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Editorial: Doing what's best for our elephants

Elephants are majestic creatures whose gracefulness, sensitivity and agility may seem surprising given their size, but it is those qualities, among others, that endear them to so many humans.

To have two of these animals in Buffalo has been a pleasure to thousands of visitors but, given their environment here, unkind to the elephants.

It is, thus, both bittersweet and heartwarming that the Buffalo Zoo plans to relocate its Asian elephants to New Orleans’ Audubon Zoo this fall. The result will be no elephants at the zoo for the first time in more than a century. Buffalo Zoo President and CEO Norah Fletchall acknowledged that the zoo will be unlikely to get any elephants in the future.

It is difficult to part with Jothi and Surapa, 36 and 35 years old, respectively. By human standards, they are in their prime. By elephant standards, their middle-age years could pose challenges. It is why they have to move.

The elephants’ medical condition and state of the zoo’s facility makes the move necessary, according to Jonathan Dandes, chairman of the zoo’s board of directors. The board’s unanimous decision did not come hastily. It was made following two months of research by the zoo’s elephant task force, and presumably after much soul-searching.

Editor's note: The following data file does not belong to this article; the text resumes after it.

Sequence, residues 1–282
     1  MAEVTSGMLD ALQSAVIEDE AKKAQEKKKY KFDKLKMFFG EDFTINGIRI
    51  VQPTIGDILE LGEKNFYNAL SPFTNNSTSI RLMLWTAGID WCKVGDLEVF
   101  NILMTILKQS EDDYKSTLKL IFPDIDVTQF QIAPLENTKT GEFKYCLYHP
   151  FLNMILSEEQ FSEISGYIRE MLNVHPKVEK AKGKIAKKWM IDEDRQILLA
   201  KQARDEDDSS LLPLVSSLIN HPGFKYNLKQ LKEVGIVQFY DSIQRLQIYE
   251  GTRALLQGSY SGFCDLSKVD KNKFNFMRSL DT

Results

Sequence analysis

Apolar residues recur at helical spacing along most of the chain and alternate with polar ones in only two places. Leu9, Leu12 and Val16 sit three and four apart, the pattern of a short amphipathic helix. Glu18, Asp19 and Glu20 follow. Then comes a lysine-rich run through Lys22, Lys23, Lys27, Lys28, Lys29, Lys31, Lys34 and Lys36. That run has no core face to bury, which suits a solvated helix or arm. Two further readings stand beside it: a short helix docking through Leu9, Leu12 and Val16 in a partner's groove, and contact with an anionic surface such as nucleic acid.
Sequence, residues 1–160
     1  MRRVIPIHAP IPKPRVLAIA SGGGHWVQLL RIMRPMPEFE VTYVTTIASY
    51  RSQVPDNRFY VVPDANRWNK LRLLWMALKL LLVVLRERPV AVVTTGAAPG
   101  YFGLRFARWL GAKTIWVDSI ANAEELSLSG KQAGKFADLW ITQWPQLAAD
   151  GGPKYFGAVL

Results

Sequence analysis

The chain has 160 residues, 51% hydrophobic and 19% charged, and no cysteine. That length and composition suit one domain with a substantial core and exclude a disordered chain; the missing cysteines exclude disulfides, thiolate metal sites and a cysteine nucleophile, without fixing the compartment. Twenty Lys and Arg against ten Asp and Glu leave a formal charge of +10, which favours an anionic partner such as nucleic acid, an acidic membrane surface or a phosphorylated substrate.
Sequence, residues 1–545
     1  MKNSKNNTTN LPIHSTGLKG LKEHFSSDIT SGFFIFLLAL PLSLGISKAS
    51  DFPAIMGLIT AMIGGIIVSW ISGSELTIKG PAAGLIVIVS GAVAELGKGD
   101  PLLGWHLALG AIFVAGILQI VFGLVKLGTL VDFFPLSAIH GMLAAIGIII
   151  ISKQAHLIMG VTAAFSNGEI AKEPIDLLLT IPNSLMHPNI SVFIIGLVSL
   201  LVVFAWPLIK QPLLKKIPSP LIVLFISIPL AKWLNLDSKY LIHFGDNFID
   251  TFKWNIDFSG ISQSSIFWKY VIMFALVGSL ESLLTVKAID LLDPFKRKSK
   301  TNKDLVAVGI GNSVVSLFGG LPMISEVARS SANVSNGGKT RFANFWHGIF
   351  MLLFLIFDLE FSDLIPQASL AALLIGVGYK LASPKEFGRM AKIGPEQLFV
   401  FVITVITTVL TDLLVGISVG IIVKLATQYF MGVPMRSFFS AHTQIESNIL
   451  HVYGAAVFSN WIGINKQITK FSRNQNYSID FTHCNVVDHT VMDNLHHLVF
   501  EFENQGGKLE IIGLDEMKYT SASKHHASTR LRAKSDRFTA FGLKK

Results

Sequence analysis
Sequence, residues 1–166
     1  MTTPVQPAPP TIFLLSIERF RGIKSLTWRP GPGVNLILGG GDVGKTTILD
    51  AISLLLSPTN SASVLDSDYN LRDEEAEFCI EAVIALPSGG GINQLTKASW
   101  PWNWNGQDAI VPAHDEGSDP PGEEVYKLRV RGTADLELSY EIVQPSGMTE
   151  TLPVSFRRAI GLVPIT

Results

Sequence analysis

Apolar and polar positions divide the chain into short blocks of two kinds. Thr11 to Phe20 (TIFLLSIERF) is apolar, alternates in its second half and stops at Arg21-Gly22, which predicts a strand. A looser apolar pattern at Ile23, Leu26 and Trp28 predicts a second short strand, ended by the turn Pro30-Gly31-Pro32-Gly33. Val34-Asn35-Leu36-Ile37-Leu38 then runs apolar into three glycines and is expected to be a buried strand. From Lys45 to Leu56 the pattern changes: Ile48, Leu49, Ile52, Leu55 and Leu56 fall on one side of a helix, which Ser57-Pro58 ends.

Elephants have been part of the Buffalo Zoo since it first acquired Big Frank in 1900. The zoo’s elephant house was constructed in 1912. The animals have roamed over the decades here much to the delight of eager audiences. Jothi and Surapa arrived in Buffalo in 1987 from Arignar Anna Zoological Park in India. Their previous companion, Buki, died in 2009 in Buffalo at age 52.

Zoo and board officials want the best for Jothi and Surapa. Not everyone saw it that way. Buffalo has consistently been on an annual “Ten Worst Zoos for Elephants in North America.” The list is compiled by the animal rights group In Defense of Animals.

The reaction to criticism and a delayed accreditation by the Association of Zoos and Aquariums resulted in expansion. That was more than a decade ago. Now the Buffalo Zoo holds elite status as part of the 10 percent of U.S. zoos which are accredited.

Neither Jothi nor Surapa is in declining health, according to Fletchall. But continuing to do right by the elephants would incur expense. It would also cause logistical habitat challenges that might be difficult to overcome. Other upgrades, updates and new exhibits would not be completed.

Letting go of Jothi and Surapa is tough, but it is best for these gorgeous, wrinkled creatures. Better that they are cared for under conditions more suitable to their age and stature.

But we will miss them.

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